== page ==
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Evans blue dye solution was used to observe the effect of a viral protein on two pre-defined barriers of the body i.e. the blood brain barrier (BBB) and the placental barrier (PB). This dye has strong affinity for serum albumin and does not cross these barriers under natural conditions. As all the dye gets bound to albumin, all the neural tissues and embryonic tissues remain unstained. When the BBB and PB are compromised due to the breach of these barriers, albumin-bound Evans blue enters the CNS and the placenta.

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Assay of Blood Brain Barrier and Placental Barrier Permeability

Cell Biology > Cell staining > Protein
Authors: Saurabh Kumar Agnihotri*
Saurabh Kumar AgnihotriAffiliation: Endocrinology Division, Central Drug Research Institute (Council of Scientific and Industrial Research), Lucknow, India
Bio-protocol author page: a726
Poonam Singh*
Poonam SinghAffiliation: Toxicology Division, Central Drug Research Institute (Council of Scientific and Industrial Research), Lucknow, India
Bio-protocol author page: a727
Balawant Kumar
Balawant KumarAffiliation: Toxicology Division, Central Drug Research Institute (Council of Scientific and Industrial Research), Lucknow, India
Bio-protocol author page: a728
Pankaj Singh
Pankaj SinghAffiliation: Endocrinology Division, Central Drug Research Institute (Council of Scientific and Industrial Research), Lucknow, India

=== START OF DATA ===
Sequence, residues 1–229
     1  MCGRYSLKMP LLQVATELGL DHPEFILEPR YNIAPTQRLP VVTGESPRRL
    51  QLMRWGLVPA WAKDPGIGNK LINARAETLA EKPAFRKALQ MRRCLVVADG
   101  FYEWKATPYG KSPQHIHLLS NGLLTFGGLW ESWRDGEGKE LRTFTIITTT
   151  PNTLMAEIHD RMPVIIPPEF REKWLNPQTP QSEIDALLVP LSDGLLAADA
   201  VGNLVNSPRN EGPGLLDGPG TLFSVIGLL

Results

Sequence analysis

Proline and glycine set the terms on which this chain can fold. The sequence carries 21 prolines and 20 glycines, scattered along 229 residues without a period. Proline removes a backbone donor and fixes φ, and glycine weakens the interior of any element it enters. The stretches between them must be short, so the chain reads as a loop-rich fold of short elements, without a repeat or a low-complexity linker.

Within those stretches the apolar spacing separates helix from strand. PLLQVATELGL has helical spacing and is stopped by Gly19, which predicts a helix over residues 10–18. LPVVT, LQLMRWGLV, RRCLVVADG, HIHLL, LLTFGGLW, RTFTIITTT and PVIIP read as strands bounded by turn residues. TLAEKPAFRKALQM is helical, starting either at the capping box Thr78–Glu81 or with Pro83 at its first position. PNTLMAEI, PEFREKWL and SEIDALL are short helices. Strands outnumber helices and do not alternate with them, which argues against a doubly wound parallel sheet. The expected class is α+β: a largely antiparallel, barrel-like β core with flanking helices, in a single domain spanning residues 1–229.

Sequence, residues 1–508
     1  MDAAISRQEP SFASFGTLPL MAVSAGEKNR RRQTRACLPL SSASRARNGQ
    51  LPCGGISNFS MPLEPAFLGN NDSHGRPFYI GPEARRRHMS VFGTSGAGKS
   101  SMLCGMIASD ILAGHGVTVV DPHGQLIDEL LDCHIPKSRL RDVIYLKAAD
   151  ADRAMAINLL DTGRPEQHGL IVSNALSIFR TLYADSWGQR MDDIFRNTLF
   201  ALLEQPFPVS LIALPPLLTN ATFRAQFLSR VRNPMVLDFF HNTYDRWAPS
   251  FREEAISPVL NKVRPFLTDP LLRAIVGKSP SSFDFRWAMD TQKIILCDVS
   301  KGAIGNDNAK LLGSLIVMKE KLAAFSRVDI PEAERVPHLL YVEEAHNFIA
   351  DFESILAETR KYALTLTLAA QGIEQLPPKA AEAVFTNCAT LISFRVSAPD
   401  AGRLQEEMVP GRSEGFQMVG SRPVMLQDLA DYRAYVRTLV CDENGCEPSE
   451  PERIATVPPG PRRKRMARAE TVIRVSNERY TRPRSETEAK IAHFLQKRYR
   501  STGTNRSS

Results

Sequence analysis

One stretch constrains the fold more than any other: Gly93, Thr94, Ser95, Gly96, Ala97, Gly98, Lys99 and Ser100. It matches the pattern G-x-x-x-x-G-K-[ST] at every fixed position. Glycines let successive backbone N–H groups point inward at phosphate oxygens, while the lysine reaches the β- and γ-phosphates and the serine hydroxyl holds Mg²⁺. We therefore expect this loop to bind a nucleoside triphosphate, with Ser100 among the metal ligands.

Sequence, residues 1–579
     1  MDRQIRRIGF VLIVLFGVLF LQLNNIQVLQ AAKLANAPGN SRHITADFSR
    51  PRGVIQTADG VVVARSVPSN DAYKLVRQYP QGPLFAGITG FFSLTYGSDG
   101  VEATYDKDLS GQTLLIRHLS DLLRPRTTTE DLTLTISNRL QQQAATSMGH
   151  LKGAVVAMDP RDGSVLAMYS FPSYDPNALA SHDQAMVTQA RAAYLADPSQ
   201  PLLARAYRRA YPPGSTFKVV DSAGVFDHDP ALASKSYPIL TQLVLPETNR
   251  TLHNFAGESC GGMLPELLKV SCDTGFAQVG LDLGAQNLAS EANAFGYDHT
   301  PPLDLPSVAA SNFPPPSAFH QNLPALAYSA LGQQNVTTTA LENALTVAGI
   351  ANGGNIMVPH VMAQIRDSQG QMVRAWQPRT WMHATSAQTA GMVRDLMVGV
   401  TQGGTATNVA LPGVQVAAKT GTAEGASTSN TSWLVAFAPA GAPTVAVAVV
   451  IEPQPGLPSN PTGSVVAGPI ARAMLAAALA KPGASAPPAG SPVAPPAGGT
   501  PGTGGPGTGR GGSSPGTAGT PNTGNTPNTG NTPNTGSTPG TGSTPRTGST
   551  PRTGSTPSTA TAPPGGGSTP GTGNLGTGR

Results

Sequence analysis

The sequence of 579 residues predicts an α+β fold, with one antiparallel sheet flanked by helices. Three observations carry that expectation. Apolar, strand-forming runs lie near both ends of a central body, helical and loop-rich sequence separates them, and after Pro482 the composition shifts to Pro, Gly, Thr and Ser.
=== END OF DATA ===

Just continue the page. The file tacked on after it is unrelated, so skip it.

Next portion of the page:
Bio-protocol author page: a729
Swatantra Kumar Jain
Swatantra Kumar JainAffiliation: Endocrinology Division, Central Drug Research Institute (Council of Scientific and Industrial Research), Lucknow, India
Bio-protocol author page: a730
Mahesh Chandra Tewari
Mahesh Chandra TewariAffiliation: Endocrinology Division, Central Drug Research Institute (Council of Scientific and Industrial Research), Lucknow, India
Bio-protocol author page: a731
Sadan Kumar
Sadan KumarAffiliation: Toxicology Division, Central Drug Research Institute (Council of Scientific and Industrial Research), Lucknow, India
Bio-protocol author page: a732
Monika Sachdev
Monika SachdevAffiliation: Endocrinology Division, Central Drug Research Institute (Council of Scientific and Industrial Research), Lucknow, India
For correspondence: smonika26@yahoo.com
Bio-protocol author page: a400
 and Raj Kamal Tripathi
Raj Kamal TripathiAffiliation: Toxicology Division, Central Drug Research Institute (Council of Scientific and Industrial Research), Lucknow, India
For correspondence: rk_tripathi@cdri.res.in
Bio-protocol author page: a734
 (*contributed equally to this work)
Vol 3, Iss 15, 8/5/2013, 3094 views, 0 Q&A, How to cite
DOI: http://dx.doi.org/10.21769/BioProtoc.845

[Abstract] Evans blue dye solution was used to observe the effect of a viral protein on two pre-defined barriers of the body i.e. the blood brain barrier (BBB) and the placental barrier (PB). This dye has strong affinity for serum albumin and does not cross these barriers under natural conditions. As all the dye gets bound to albumin, all the neural tissues and embryonic tissues remain unstained. When the BBB and PB are compromised due to the breach of these barriers, albumin-bound Evans blue enters the CNS and the placenta.

Materials and Reagents

  1. Pregnant Sprague Dawley rats
  2. Protein of Interest: Recombinant Nef
  3. Evans blue dye (Sigma-Aldrich)
  4. NaCl (Sigma-Aldrich)
  5. Phosphate buffer saline (PBS) (Sigma-Aldrich)

Equipment

  1. Homogenizer (Coleparmer)
  2. Centrifuge (Eppendorf)
  3. Weighing Balance (Mettler Toledo)
  4. Spectrophotometer (Gene Quant)

Procedure